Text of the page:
Long-Term Neuropsychological Effects of Sagittal Craniosynostosis on Child Development


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Abstract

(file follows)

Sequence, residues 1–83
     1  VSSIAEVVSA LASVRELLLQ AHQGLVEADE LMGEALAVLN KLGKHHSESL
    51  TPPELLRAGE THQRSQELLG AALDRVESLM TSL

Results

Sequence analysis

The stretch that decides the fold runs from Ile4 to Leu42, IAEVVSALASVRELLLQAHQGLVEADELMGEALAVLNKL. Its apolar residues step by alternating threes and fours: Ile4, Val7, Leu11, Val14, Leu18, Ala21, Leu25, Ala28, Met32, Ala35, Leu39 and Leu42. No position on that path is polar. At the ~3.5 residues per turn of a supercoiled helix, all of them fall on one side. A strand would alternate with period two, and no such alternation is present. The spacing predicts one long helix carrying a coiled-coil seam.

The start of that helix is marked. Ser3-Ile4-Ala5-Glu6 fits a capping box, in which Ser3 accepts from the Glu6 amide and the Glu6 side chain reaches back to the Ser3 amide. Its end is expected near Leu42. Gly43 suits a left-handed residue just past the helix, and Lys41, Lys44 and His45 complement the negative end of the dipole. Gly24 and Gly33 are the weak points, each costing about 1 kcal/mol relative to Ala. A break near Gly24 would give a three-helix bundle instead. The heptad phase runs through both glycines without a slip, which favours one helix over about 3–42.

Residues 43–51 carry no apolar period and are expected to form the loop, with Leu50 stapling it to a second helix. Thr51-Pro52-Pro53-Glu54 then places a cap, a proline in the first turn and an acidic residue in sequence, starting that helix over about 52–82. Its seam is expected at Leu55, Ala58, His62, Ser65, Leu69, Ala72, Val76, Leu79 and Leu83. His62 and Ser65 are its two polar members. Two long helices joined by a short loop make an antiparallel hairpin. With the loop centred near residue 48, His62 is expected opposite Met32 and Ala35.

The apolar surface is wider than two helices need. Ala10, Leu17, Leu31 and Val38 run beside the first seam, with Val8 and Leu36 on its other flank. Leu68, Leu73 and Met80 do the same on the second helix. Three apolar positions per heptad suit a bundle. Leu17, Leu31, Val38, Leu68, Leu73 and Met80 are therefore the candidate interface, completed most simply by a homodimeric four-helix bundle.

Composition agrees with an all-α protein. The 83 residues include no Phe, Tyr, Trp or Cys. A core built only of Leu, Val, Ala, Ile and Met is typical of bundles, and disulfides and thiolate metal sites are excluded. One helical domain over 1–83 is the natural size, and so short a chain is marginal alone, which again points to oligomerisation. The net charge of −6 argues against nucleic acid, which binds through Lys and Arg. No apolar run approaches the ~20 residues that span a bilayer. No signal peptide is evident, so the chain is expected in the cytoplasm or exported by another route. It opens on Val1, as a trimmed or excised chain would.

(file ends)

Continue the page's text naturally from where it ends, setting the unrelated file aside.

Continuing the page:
The link between cranial deformity and “functional” disability is not obvious in single-suture sagittal craniosynostosis. Physicians have anecdotally reported that children with simple craniosynostosis often seem to have a higher proportion of learning disabilities and cognitive problems than their nonafflicted peers. These problems have not been systematically studied, however. This study examined the long-term neuropsychological effects of single-suture sagittal craniosynostosis on selected aspects of neurological development. It did so by going beyond global measures of mental function (intelligence quotient) in an attempt to assess the incidence of subtle neuropsychological sequelae. Retrospective inspection of the Yale Department of Neurosurgery records between 1980 and 1990 was used to identify study subjects born with nonsyndromic sagittal suture craniosynostosis who were between 6 and 16 years of age at the time of the study. Of the 16 study subjects born with sagittal synostosis, which is thought to be among the most benign of the single-suture craniosynostoses, this study found that 50% had a reading and/or spelling learning disability. Although children with single-suture sagittal craniosynostosis fall within the normal range for intelligence, there is a significantly higher incidence of learning disabilities in this group than in the general population.

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